The response must not only consider matters within your IT department or company, it must consider the company's customers and regulators. Privacy has become an important consideration worldwide and most jurisdictions have laws requiring disclosure to customers and privacy regulators if personal data is compromised. For those companies in the financial services, health and education sectors – the ones considered to be among the biggest targets for cyber-attacks – other regulators will also be involved. Publicly-listed companies and organizations dealing with the public are required to provide disclosure where personal information has been compromised. Hence your organization needs to be aware of the different legal regimes across the jurisdictions in which you operate or that apply to you, because the disclosure/reporting requirements and timelines will undoubtedly vary. You need to think through before-hand what needs to be disclosed, by whom, to whom, when and what needs to be protected and how. Legal privilege can be an important protection against providing ammunition to those interested in suing you, for example, class action plaintiffs and their lawyers.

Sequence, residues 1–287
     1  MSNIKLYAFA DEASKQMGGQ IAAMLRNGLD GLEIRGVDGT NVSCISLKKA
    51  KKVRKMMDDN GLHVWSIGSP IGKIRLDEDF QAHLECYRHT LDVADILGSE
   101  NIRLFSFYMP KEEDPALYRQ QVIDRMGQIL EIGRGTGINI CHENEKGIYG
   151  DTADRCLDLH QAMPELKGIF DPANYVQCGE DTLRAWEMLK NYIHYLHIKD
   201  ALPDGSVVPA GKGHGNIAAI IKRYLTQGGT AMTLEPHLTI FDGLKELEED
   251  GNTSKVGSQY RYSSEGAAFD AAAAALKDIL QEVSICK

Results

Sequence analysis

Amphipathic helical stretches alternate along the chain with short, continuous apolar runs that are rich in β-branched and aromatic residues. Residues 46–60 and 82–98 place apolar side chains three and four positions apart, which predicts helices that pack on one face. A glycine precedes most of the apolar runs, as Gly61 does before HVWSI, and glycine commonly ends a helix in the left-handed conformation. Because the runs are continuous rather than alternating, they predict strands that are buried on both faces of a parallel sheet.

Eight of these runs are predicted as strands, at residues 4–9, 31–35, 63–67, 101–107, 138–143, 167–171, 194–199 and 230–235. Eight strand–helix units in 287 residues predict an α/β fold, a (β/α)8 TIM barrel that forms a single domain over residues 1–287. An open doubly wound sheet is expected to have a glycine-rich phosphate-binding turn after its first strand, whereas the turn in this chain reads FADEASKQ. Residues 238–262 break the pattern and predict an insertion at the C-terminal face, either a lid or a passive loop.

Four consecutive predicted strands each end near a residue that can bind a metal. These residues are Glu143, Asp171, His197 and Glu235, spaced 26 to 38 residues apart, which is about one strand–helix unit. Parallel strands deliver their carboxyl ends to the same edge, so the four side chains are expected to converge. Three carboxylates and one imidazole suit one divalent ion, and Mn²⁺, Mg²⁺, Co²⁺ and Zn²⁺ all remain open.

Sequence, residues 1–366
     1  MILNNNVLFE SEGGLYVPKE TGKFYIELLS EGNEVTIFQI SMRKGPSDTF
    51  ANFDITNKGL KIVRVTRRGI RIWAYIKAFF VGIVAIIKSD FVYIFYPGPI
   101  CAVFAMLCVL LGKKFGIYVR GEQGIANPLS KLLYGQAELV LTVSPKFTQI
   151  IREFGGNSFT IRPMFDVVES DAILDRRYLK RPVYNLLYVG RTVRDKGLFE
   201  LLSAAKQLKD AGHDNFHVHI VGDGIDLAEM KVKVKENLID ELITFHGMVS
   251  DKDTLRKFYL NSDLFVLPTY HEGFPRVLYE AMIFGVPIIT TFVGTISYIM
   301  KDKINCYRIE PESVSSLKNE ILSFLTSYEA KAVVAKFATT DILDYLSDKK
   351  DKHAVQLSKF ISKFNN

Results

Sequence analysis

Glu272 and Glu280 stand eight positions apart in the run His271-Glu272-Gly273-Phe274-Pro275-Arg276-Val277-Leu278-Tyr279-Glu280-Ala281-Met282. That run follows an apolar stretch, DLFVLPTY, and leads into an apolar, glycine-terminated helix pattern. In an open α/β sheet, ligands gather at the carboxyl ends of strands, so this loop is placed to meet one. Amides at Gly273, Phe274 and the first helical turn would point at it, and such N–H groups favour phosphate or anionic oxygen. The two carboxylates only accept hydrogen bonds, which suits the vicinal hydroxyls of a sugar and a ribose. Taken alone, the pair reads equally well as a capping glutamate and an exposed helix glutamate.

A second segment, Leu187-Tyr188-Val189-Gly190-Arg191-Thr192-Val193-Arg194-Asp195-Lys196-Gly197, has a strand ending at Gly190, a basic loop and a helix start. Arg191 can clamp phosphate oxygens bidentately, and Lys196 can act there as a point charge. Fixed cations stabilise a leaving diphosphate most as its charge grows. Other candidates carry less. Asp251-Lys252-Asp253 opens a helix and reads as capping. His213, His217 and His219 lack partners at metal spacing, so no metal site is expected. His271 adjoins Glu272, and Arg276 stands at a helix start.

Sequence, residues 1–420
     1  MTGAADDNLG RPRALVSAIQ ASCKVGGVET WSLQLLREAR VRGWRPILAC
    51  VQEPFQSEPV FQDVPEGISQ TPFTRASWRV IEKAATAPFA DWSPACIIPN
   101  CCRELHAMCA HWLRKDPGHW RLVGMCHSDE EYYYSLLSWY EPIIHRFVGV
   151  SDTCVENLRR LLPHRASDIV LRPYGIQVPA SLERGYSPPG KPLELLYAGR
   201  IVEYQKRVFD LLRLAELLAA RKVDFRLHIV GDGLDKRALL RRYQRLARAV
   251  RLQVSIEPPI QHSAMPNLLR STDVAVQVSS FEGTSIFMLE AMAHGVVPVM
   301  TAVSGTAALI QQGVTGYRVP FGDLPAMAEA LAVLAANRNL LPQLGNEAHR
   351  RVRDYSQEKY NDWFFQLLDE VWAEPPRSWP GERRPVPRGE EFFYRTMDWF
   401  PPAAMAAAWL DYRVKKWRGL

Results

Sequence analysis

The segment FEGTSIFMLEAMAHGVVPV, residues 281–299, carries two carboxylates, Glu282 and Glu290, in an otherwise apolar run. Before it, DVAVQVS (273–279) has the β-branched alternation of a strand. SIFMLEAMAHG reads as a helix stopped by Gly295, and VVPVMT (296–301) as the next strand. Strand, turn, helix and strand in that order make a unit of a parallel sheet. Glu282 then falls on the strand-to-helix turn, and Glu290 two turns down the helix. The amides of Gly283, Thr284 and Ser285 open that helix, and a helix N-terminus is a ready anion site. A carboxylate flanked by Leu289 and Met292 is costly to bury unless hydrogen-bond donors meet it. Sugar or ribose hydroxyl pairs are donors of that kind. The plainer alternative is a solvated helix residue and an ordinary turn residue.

The recovery plan must not only consider the rehabilitation of the IT systems but also the company's reputation with its customers, regulators and indeed the public. Unfortunately, the reporting and the aftermath of the attack will remain on the company's record, potentially forever available to anyone doing an internet search.